My preferences? Agreed on the 5th position tone - and tonal consistency as you stay on the same string through the phrase. Also, I would play the first two notes slurred. To me this piece needs a gentle entry and by slurring you facilitate that with an up bow followed by the expressiveness of the down bow in the next bar....

January 10, 2013 at 01:00 PM · My former chamber music teacher would say it's not always about what's

'best,' but what you can do most convincingly. So not only are such choices about preference or propensity, but also what you can pull off (which might depend not only on the player, but also on the instrument.)

I'm gonna go against the flow and say I prefer a simpler opening on the A string. I guess I see 'molto espressivo' as an indication for the whole piece, not just the opening, and not necessarily 'appassionato.'

I think the two up bows can allow for a more pulsating sound using a parlando (kind of like staccato, but with a gentler press and without stopping the motion of the arm,) as opposed to a bow change, although the parlando sound can be achieved with a bow change (it's just that we don't normally make that sound with bow changes.) Parlando can bring out a certain melancholy which seems appropriate for Dvorak.

But at m28 separating the bows allows you to start the next up bow at the very tip so you can phrase to m30. Playing two up bows at the opening might suggest phrasing to m25 and letting the rest of the phrase fall away. "Never play the same thing the same way twice." Or you could play the opening 4 measures with less contour and more evenly throughout, less 'motion' than the second phrase.

I think the difference in bowing has more to do with the editor's suggestion for bow distribution than what Dvorak might have wanted. In my score both are tied with an articulation marking.

Your enthusiasm is quite catching!

January 10, 2013 at 02:18 PM · "Your enthusiasm is quite catching!" - yup, right now there are 3,256,890 V.comers playing Dvorjak's Romance...

January 10, 2013 at 05:15 PM · And 3,256,889 of them sound better than me :-)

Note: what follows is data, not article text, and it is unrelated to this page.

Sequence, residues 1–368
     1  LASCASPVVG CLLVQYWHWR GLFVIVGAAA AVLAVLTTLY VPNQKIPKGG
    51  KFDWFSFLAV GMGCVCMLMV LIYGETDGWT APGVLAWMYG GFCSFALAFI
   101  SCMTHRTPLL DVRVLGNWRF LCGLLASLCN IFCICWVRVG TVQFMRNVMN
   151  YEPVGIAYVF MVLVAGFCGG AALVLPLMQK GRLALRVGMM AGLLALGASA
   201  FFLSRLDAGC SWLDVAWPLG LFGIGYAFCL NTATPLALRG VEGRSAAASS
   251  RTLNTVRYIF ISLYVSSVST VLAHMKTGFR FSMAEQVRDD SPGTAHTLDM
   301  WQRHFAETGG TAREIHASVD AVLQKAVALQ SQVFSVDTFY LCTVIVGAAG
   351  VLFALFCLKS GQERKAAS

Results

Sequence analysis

January 10, 2013 at 07:43 PM · If I were playing this piece I might just leave all four options open to the inspiration of the moment.

January 10, 2013 at 07:59 PM · Keeping in mind what Roy said, we also have to plan for the whole piece, in particular, how we'll bring the opening theme back in light of what we did at the beginning (and also in context of how the orchestra/piano played it the very first time.) So practicing for options sounds like a good plan.

January 10, 2013 at 09:38 PM · Smiley: - nope, at most 3,256,888.

I read Jeewon's arp analysis post with absolute facination - but went back to my reality of Kreutzer #12.... its a start....

January 10, 2013 at 10:06 PM · Elise wrote:

"Smiley: - nope, at most 3,256,888."

Why? Is your cat working on this piece too?

Roy and Jeewon,

Good idea to learn it several different ways and choose one depending on my mood during the performance. Too bad I don't have the courage to do that. I would for sure screw it up royally. :-(

January 10, 2013 at 11:18 PM · Like in some other pieces, I think it is important to have a good trained ear harmonically speaking in order to play in tune, meaning that you must have a sense of ubication of what key and what chord you are at every moment. Otherwise your fingers can betray you...

Good luck!

January 10, 2013 at 11:30 PM · Smiley: Elise wrote:

"Smiley: - nope, at most 3,256,888."

Why? Is your cat working on this piece too?

Your stat was how many are better than you. Thus, f I am worst, then at worst, you are second worst and there are 3,256,888 better than you. QED (no cats were killed for this gut calculation)

On the other hand if the wurst is german then all bets are off...

January 11, 2013 at 12:47 AM · Excellent notion Elise!

Steps to basic harmonic analysis:

1. Name key. K12 is in A minor

2. Stack notes in thirds. If there are 3 'stackable' notes in 3rds it's a triad. If there are 4 'stackable' notes in 3rds, it's a '7 chord' (a tetrad.) When you stack notes in thirds, the bottom most note is called the root, the second note is the 3rd, the third note is the 5th, and the 4th note is the 7th, so called because of their intervalic distance above the root.

At first, ignore any notes which don't belong to these stacked chords.

Thinking of the scale notes of the key, write down triads built on each degree of the scale.

In A minor:

i = ACE

ii = BDF


iv = DFA

v = EGB



But recall that in minor keys we need to raise the seventh degree, G to G# in A-minor, so we have a leading tone for cadences. So v = EGB becomes V = EG#B and VII = GBD becomes vii dim(inished) = G#BD. Adding a 7 to these chords makes them more unstable, since the diminished 5th has such a strong pull (tendency) toward resolution. In V7 = EG#BD, the G# pushes up to the A (tonic) and the D wants to fall to C, the 3rd degree of A-minor; also the leap of a fifth, E to A = V to I, feels very stable and/or final. In viidim7 = G#BDF, though we're missing the strong V-I motion, we still have the G# and D tending toward A and C, but what's more, the B and F create another diminished fifth which pulls strongly to C and E, the 3rd and 5th of A-minor. You'll see 7 chords mostly applied to V and VII, unless the key is changing (see tonicization or modulation.)